We are all drawn to the practice of natural history–but what is natural history? Participants will learn about the historical roots and cultural and scientific contexts of natural history and then apply this integrative discipline through short field exercises.

All About Feathers: Exploring Structure, Function, and Flight

February 6 | Dr. Katie Benson, Embry-Riddle Aeronautical University
Participants will have the opportunity to get up close and personal with specimens of local bird species and learn about the structure and function of different types of bird feathers. We will glance into the unseen world of feathers using compound and stereo microscopes, learn how forensic ornithologists use microscopic features of feathers to solve mysteries, as well as explore the science behind feathers and flight.

The World’s Greatest Bird Artists

February 8 | Micah Riegner, Prescott College/Field Guides
Join international bird guide, budding bird illustrator, and Amazon explorer, Micah Riegner, in a morning of discovery and celebration of the world’s great bird artists. In this visually stunning presentation, Micah will explore the works of master bird artists, including Louis Agassiz Fuertes, Gorge Miksch Sutton, and Larry McQueen. In the second half of the program, Micah will provide a bird-drawing workshop emphasizing avian structural anatomy and field sketching.

Watersheds, Riparian Areas, and Us

February 13 | Michael Byrd, Executive Director of Prescott Creeks
“Wherever you stand, you stand in a watershed.”  Join Prescott Creeks Executive Director, Michael Byrd, for an exploration of watersheds and their riparian areas in central Arizona.  Emphasis will be placed on the Verde River and Granite Creek Watersheds, with discussion of natural history, ecosystem functions, and values, as well as the ecosystem services humans derive from watersheds and riparian areas.  Attendees will participate in a planning exercise that grapples with complex topics in a real-world case study.

Measuring Forest Health in the Mogollon Highlands

February 15 | Joe Trudeau, Southwest Advocate, Center for Biological Diversity
This workshop will delve into the science and methodology of restoration ecology.  During the lecture portion, participants will learn about how forest health is measured and monitored and how fire regime data is used to describe ecosystems and inform management practices.  During the field portion of the class, participants will use standard forest measurement tools to collect data and create a scientific analysis of the health of the forest.  The workshop will conclude with an analysis of current forest service management strategies and challenges.  Key questions to be addressed: How have human interactions with forests changed their composition?  How is forest composition measured? What are the limitations to this system of data collection and analysis?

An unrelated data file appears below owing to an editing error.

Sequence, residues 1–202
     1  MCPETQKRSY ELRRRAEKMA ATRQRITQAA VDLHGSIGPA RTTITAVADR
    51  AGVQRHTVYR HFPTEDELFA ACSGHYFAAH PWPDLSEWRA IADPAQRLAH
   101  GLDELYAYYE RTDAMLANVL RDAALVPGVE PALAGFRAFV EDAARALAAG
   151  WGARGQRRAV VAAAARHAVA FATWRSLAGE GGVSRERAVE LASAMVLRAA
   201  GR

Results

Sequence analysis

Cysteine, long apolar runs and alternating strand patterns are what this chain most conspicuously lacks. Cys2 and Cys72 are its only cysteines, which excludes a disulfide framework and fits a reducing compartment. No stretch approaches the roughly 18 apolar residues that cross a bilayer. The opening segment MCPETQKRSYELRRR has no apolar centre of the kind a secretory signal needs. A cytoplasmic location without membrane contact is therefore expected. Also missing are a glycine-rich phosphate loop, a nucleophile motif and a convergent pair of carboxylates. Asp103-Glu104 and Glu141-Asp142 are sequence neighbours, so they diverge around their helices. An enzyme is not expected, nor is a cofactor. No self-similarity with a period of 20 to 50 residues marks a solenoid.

Invasive Species: What Belongs Where?

February 20 | Dr. Matthew Chew, Arizona State University
Dr. Chew will explain how the concepts of alien and invasive species were developed and how they have been used over time, then lead a discussion of the strengths and weaknesses of these ideas as a basis for laws, regulations, and management actions.  In addition to learning about particular species and habitats, we will discuss the history, development, and dynamics of the Prescott area ecosystem, consider the destructive and creative roles humans have played (and continue to play) in local ecological matters, and take a peek into the future to see what changes we ought to expect.

Animal Rescue and Conservation in Central Arizona

February 22 | Wayne Fischer, Director of Conservation, Heritage Park Zoo
In this workshop, Wayne Fischer will discuss the ways that animals are affected by human encroachment here in the Prescott area.  He will draw on his experience responding to wildlife rescue calls to discuss the types of animals that are the most affected and the types of injuries that are seen and will provide suggestions about what the community can do to address these issues.  During the workshop, participants will also be able to examine and touch various furs and bones to learn more about animal identification and characteristics.